International Day of Happiness 20 March

International Day of Happiness 20 March

International Day of Happiness
20 March

What is the International Day of Happiness?

It’s a day to be happy, of course! Since 2013, the United Nations has celebrated the International Day of Happiness as a way to recognise the importance of happiness in the lives of people around the world. In 2015, the UN launched the 17 Sustainable Development Goals, which seek to end poverty, reduce inequality, and protect our planet – three key aspects that lead to well-being and happiness.

The United Nations invites each person of any age, plus every classroom, business and government to join in celebration of the International Day of Happiness.

Background

The General Assembly of the United Nations in its resolution 66/281 of 12 July 2012 proclaimed 20 March the International Day of Happiness, recognizing the relevance of happiness and well-being as universal goals and aspirations in the lives of human beings around the world and the importance of their recognition in public policy objectives. It also recognized the need for a more inclusive, equitable and balanced approach to economic growth that promotes sustainable development, poverty eradication, happiness and the well-being of all peoples.

The resolution was initiated by Bhutan, a country which recognized the value of national happiness over national income since the early 1970s and famously adopted the goal of Gross National Happiness over Gross National Product. It also hosted a High Level Meeting on “Happiness and Well-Being: Defining a New Economic Paradigm” during the sixty-sixth session of the General Assembly.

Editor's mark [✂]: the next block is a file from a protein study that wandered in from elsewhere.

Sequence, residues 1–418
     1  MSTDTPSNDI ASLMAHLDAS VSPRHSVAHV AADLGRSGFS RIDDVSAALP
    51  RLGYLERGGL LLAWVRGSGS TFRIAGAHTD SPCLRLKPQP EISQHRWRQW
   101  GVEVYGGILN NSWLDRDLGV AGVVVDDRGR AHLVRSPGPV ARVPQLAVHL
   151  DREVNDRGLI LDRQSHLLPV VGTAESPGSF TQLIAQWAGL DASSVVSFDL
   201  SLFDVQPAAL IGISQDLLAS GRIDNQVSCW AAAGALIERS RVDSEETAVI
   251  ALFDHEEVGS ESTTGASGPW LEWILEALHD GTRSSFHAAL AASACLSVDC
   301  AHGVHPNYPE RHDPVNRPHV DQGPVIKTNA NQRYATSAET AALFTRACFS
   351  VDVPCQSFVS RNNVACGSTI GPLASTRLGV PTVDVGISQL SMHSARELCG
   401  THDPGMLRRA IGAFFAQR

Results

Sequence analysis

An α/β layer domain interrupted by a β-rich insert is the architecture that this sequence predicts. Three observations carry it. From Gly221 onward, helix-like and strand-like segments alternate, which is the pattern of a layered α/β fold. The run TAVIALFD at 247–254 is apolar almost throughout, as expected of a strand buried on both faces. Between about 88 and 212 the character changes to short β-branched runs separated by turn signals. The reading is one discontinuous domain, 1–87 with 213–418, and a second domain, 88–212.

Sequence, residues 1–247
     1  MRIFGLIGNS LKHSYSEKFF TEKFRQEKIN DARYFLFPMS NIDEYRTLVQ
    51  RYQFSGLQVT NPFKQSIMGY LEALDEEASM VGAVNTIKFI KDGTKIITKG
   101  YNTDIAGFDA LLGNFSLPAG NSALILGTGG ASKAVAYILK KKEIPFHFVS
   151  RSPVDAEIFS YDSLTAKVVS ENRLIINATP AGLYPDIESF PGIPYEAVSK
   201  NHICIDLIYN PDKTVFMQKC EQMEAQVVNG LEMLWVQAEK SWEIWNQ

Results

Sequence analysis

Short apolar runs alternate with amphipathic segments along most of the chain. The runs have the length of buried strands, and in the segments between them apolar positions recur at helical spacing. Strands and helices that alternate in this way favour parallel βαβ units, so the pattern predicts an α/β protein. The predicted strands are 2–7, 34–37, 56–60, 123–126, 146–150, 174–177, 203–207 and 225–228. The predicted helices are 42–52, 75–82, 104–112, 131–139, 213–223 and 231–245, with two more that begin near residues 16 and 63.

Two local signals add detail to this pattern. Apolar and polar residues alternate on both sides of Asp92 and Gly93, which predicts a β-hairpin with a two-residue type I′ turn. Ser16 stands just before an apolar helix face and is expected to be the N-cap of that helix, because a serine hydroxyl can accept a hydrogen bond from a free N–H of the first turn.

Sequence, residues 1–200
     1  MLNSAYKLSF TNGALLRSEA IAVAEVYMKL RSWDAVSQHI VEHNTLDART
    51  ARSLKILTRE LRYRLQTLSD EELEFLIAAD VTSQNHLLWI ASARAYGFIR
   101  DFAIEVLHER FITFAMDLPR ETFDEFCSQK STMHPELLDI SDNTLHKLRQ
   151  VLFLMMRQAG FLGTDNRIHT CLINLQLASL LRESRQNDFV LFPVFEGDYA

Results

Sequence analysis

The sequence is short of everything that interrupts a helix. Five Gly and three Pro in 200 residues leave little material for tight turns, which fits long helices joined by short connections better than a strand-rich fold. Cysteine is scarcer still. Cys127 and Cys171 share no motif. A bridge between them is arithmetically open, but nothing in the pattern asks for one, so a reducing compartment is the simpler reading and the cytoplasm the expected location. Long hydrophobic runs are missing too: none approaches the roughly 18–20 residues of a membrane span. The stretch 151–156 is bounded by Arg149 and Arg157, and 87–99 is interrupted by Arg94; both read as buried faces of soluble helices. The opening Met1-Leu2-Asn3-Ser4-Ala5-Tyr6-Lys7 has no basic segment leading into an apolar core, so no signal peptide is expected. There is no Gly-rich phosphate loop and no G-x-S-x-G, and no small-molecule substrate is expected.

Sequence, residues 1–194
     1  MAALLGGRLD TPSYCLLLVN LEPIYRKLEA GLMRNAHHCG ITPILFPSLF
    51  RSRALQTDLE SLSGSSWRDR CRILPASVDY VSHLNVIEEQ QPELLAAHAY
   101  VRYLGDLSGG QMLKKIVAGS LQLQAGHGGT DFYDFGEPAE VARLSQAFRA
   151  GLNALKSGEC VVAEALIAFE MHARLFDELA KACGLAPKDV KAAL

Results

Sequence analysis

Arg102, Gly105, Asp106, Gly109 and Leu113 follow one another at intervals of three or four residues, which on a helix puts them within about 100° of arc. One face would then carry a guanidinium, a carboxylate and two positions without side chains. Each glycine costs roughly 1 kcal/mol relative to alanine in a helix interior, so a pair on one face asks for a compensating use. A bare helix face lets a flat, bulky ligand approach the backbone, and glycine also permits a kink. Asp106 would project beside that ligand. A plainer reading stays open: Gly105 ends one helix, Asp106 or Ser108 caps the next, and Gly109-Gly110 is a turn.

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17 Goals to Transform Our World

The Sustainable Development Goals are a call for action by all countries – poor, rich and middle-income – to promote prosperity while protecting the planet. They recognize that ending poverty must go hand-in-hand with strategies that build economic growth and address a range of social needs including education, health, social protection, and job opportunities, while tackling climate change and environmental protection.

  • No Poverty.
  • Zero Hunger
  • good health and well being
  • quality education
  • gender equality
  • clean water and sanitation
  • affordable and clean energy
  • decent work and economic growth
  • industry, innovation and infrastructure
  • reduced inequalities
  • sustainable cities and communities
  • responsible consumption and production
  • climate action
  • life below water
  • life on land
  • peace, justice and strong institutions
  • partnerships
    target 2030

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